It was an historic night for Franklin County’s premier workforce development programs, as both the Building Futures and Driving Futures Programs graduated all-women cohorts.
Building trades leaders, elected officials, political candidates, family members and friends packed into the Teamsters Local 284 Union Hall meeting room on May 4 to witness the graduation of 13 women from the Columbus Building Futures Program and eight from the Driving Futures Program.
It was the first time in the history of either program that an all-women cohort graduated, and based on the feedback from community leaders, will likely not be the last.
For Leland Bass, Program Manager for the Columbus Urban League, it was a proud moment seeing the 21 women earn their certificates.
“We always planned on doing an all-female class, but it was a matter of making sure we did it right,” he said during the ceremony. “This program was specific to you. You are our community, and you hold us up. Now, it’s our turn to hold you up. Don’t limit yourself.”
Bass added the all-female cohorts shattered attendance records.
Participants in the Building Futures Program learn life skills and receive help to overcome obstacles to begin a construction career. The program prepares them to enter a building trades apprenticeship.
Similarly, Driving Futures participants receive help in overcoming career barriers in order to get their Class A Commercial Driver’s License and become a truck driver. Once they receive their class A CDL, the graduates can go to work as members of the Teamsters Union.
Both programs are collaborations of Franklin County, the Columbus/Central Ohio Building and Construction Trades Council, the Columbus Urban League and the City of Columbus.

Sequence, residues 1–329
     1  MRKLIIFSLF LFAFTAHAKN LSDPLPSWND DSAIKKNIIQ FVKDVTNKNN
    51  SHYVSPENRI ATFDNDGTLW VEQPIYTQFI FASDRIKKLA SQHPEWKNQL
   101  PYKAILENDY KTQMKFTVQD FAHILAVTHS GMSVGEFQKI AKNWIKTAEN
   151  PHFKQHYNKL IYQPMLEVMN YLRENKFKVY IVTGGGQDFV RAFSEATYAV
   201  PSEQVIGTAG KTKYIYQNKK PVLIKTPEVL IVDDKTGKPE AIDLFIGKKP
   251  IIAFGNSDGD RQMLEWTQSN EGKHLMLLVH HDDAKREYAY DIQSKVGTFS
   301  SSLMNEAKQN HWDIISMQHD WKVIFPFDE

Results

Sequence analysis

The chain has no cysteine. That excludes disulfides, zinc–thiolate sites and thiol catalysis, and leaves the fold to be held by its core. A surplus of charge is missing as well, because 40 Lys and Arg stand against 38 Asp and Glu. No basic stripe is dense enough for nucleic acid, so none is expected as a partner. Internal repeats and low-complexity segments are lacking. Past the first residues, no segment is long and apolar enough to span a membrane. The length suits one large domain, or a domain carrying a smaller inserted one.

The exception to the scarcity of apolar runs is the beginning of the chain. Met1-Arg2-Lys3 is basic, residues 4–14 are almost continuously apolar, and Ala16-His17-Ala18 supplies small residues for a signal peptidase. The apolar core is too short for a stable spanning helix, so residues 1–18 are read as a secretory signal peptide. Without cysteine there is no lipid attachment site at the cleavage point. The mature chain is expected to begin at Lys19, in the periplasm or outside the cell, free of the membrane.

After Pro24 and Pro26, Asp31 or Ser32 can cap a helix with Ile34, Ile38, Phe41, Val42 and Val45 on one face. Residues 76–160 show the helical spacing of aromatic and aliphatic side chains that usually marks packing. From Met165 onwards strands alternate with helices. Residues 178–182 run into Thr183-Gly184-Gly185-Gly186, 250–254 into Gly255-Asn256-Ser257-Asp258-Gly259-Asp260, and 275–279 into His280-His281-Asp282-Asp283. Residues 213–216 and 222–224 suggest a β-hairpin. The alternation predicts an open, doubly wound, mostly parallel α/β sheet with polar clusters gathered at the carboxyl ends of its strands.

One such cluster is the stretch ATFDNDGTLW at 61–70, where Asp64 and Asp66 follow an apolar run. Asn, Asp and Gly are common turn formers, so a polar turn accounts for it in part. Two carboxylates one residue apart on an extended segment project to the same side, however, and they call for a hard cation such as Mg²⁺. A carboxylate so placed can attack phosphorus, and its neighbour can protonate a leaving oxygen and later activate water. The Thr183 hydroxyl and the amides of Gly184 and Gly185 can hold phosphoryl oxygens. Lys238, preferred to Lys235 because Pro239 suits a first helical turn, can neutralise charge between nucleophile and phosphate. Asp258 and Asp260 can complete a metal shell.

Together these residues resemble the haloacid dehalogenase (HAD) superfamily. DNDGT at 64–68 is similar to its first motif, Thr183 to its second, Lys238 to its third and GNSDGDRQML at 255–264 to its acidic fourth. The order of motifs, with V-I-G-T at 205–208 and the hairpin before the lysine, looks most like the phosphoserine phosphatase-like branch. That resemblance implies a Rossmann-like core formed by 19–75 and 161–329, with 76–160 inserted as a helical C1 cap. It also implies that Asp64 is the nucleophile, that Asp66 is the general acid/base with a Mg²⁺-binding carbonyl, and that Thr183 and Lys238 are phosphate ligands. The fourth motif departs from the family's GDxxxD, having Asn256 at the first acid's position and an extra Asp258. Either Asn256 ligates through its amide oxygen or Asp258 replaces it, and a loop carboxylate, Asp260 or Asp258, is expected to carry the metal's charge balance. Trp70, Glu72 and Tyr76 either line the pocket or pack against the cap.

Dorsey Hager, Executive Secretary-Treasurer of the Columbus/Central Ohio Building and Construction Trades Council, told graduates the programs succeed only if the participants succeed.
“I was at the North America’s Building Trades Unions Legislative Conference in early April, and labor leaders from all over the U.S. were asking me why we are so successful,” he said addressing the program graduates. “It’s because of you.”
Hager then provided a quick overview of some of the large projects being built and those that will soon break ground.
“All this big work and we have not talked about the infrastructure,” he said. “This region has a plentiful number of jobs. Women currently make up 15 percent of the union construction workforce nationwide, and I know you can help us increase that number.”
Columbus Mayor Andrew Ginther addressed the graduates.
“This community could not be more proud of you,” Ginther said. “The entire community is in your corner, and we want you to succeed.”
Franklin County Deputy County Administrator and Agency Director Joy Bivens urged the participants to become mentors to girls who may follow in their footsteps.
“We need you to find little girls to mentor,” Bivens said. “There are too many girls who do not have people in their lives to look up to. Find a young girl and mentor her.”
It would be great to see more women in hardhats and more driving big rigs, added Kelly Harrop, C/COBCTC Communications and Outreach Director.
Thanks to generous donations, all graduates received a laptop, portable wi-fi hotspot and a cooler. Additionally, Building Futures graduates also received hand tools, along with a